China's mid lane exemplars: Ori and Emo

By Kenneth WilliamsAugust 18, 2020
The Chinese metagame for Patch 7.27 has evolved over the course of Moon Studio Asian League and OMEGA League: Asia. We’ve seen several upsets in the Chinese region since the patch’s release, but things are finally starting to settle down. Deathball vs. four-protect-one is still the dominant strategy, but more teams are beginning to experiment in the new meta.
The mid lane is also largely defined by those two techniques. Regardless of who wins the early advantage, one player spends the early midgame farming while the other forces objectives. Mid players tend to specialize in one of those two roles. Zeng "Ori" Jiaoyang from Vici Gaming and Zhou "Emo" Yi from Invictus Gaming are the most committed of them all.
These two players represent the archetypes of Chinese midlaners in 7.27. Ori’s by-the-book style is fundamentally flawless, focused on giving his team a second carry. Meanwhile, the flashy hero picks and mid-game clutches of Emo represent an equally strong but wildly different approach. These two players define the Chinese solo-mid strategies of 7.27.

Ori: Valedictorian

As the midlaner of Vici Gaming, Ori is a reminder that consistency wins championships. He’s quiet in interviews, often discussing his teammates more than himself. He prefers to let his gameplay do the talking. Unlike his more outspoken rivals, Ori regularly expresses gratitude toward his coach: legendary Chinese offlaner, rOtk.
Ori's career started with a short stint on Tier 2 team DUOBAO before being called up to the big leagues in early 2017. His tenure on Vici is one of the longest player-organization partnerships in the region. He’ll sometimes swap roles with carry, Zhang “Eurus” Chengjun, a symptom of his late-game-centric approach.
His primary hero pool consists of Puck, Ember Spirit, and Void Spirit. The last one is his particular favorite, winning a staggering 78.6% of 14 games played on 7.27. He greatly values the ability to split push and leave the jungle for his carry. His item builds on all three heroes maximize mobility at the expense of a later peak. Ori can somehow make Blink into Boots of Travel into Octarine Core look like a reasonable Puck build.
Average game length has been slowly ticking up since Patch 7.25, and Ori is loving the opportunity to flex his late-game muscles. It helps that Eurus is often somehow more farmed than Ori himself. Vici Gaming is one of the few teams left sticking to dual-core strategies, and it’s mostly paid off. They landed silver finishes at both OGA Dota Pit Season 2 and BEYOND EPIC: China.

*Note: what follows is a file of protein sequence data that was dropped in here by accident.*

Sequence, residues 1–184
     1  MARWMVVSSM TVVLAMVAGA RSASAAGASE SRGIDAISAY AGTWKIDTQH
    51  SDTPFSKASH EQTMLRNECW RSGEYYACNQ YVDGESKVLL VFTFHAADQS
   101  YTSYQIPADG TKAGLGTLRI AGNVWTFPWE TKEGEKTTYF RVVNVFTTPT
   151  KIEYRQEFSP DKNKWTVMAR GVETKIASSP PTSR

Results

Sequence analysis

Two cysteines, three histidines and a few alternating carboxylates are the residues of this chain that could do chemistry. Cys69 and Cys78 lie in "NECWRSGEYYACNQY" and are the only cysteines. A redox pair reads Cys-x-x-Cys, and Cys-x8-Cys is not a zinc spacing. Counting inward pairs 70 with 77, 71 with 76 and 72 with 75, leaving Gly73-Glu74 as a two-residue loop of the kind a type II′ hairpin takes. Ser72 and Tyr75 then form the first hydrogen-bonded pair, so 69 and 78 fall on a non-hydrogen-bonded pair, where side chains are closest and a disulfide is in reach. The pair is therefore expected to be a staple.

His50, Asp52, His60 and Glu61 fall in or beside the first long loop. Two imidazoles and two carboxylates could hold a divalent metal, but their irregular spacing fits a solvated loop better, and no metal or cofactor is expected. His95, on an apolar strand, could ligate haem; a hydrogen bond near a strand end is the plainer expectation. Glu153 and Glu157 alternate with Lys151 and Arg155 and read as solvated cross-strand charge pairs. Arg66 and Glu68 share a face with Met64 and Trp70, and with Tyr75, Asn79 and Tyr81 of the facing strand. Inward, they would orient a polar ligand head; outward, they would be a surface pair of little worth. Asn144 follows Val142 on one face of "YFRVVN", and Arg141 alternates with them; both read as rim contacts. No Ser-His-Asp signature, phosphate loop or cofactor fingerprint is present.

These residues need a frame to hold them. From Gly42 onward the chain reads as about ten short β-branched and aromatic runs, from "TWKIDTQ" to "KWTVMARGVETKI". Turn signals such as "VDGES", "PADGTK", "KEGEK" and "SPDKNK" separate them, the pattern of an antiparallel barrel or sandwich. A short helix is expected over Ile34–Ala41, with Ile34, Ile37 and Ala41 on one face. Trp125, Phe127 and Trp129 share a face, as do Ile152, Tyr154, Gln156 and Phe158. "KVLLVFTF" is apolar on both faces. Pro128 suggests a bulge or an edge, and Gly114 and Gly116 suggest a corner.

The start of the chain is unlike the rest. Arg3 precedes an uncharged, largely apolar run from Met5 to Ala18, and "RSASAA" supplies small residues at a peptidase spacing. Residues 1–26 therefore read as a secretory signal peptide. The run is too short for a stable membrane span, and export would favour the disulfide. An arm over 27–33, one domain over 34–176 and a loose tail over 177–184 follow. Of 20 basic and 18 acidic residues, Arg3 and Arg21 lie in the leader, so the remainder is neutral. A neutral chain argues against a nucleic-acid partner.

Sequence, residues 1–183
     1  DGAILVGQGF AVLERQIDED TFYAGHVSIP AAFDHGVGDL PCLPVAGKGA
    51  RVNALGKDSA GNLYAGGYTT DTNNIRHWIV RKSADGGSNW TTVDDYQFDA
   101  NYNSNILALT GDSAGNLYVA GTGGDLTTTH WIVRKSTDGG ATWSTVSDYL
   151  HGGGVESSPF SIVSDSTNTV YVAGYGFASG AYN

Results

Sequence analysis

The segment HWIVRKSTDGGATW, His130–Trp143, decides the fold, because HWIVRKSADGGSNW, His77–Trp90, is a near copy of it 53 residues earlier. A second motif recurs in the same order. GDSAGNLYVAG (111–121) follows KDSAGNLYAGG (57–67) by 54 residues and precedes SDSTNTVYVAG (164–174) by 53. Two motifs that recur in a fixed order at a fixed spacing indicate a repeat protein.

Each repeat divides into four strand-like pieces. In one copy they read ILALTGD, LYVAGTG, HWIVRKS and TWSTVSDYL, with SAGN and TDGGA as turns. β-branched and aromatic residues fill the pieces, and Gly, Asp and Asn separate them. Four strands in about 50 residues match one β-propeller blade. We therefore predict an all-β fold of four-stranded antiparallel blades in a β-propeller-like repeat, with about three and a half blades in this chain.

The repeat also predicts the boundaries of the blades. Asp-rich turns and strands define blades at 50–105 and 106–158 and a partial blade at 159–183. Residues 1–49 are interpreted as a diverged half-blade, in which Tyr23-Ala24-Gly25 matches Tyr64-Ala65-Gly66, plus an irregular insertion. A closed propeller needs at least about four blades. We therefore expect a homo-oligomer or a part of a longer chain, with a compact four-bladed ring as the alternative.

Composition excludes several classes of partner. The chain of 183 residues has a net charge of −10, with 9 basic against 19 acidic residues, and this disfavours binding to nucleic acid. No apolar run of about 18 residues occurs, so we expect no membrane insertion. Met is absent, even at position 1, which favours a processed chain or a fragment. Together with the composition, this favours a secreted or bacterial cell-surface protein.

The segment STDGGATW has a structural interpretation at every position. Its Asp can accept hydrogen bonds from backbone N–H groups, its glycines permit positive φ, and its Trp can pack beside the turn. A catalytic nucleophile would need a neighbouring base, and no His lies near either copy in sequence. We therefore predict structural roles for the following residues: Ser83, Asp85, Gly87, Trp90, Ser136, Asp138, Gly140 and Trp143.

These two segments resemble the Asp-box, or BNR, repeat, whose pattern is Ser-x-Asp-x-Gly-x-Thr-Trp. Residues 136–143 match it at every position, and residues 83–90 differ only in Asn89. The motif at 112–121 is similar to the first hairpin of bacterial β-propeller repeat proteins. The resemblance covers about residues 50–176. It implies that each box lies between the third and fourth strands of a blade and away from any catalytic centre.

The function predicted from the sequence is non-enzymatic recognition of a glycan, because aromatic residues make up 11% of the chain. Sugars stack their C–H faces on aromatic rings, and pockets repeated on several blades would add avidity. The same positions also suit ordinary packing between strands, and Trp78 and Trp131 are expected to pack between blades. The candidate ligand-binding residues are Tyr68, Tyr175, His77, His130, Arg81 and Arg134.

Emo: Delinquent

When he’s not getting called the next big thing by TI winners or shattering professional records on Invoker, Emo serves as the X-Factor for Invictus Gaming. Greedy but tempo-focused play is a rarity in professional games, but Emo isn’t afraid to show his Ranked roots. He’s peaked as high as second on the Chinese MMR leaderboards.
Emo was promoted from iG.Vitality onto the main roster in the post-TI8 shuffle. He’s since proved himself a worthy investment, earning more than $400,000 USD with the team. He has no carry pool to speak of; he’d rather take Morphling to the mid lane. It helps that captain Hu “Kaka” Liangzhi pays special attention to giving him a good start.
His hero pool is less focused than many of his contemporaries, but the real variety in his play comes from his unique item builds. Necrobook Puck in 2020? It’s more likely than you think. While mostly focused on the mid-game, Emo is no stranger to taking things past an hour. He currently holds the regional record for most Rapiers in a pro game.
While he is far from the most consistent midlaner in China, Emo possesses an incredibly clear understanding of how to win a game of Dota 2. His close connection with Kaka allows him to pursue victory with the rest of Vici behind him. Even if that victory includes mid Shadow Demon.

Hallmarks of mid lane play

With their dueling focuses on late-game dominance and mid-game tempo play, almost every Chinese pro player can be put on a scale between Ori and Emo. While their more unorthodox picks remain outliers, their go-to heroes are common among their regional rivals.
The Ori side of the spectrum consists of classical midlaners with an emphasis on the late game like Royal Never Give Up’s Liu “白学家” Yuhao or Team Aster’s Song "Sccc" Chun. Aggressive playmakers like Sparking Arrow Gaming’s Gao "Setsu" Zhenxiong and Guo "Xm" Hongcheng of CDEC Gaming find their home on Emo’s side of the bench.
It’s also worth noting how the drafting changes of 7.27 have impacted this spectrum. Fewer early bans mean teams are more willing to risk counter picks and get their midlaner locked early. Evergreen picks like Storm, Ember, Void Spirit, Templar Assassin, and more are being picked up earlier than ever before. Midlaners need to commit to a game plan fast. Ori and Emo are the most well-adapted players to the draft metagame.

Bringing their meta worldwide

Vici Gaming and Invictus Gaming have had their fair share of rivalries throughout the years with Ori and Emo involved. With both players in-game, Vici Gaming holds an impressive 14:5 record against Invictus Gaming. Vici is considered a small step above Invictus in the pecking order, but remember that consistency builds championships.
These two players represent the extremes of the Chinese midlane, and their influence can be seen deep into their region’s Tier 2 scene. With international play resuming between China and Southeast Asia, we’ll see the world learn from the examples they set.
Watch Ori, Emo, and the rest of China’s top tier players clash with the titans of Southeast Asia in ESL One: Thailand, beginning August 20.
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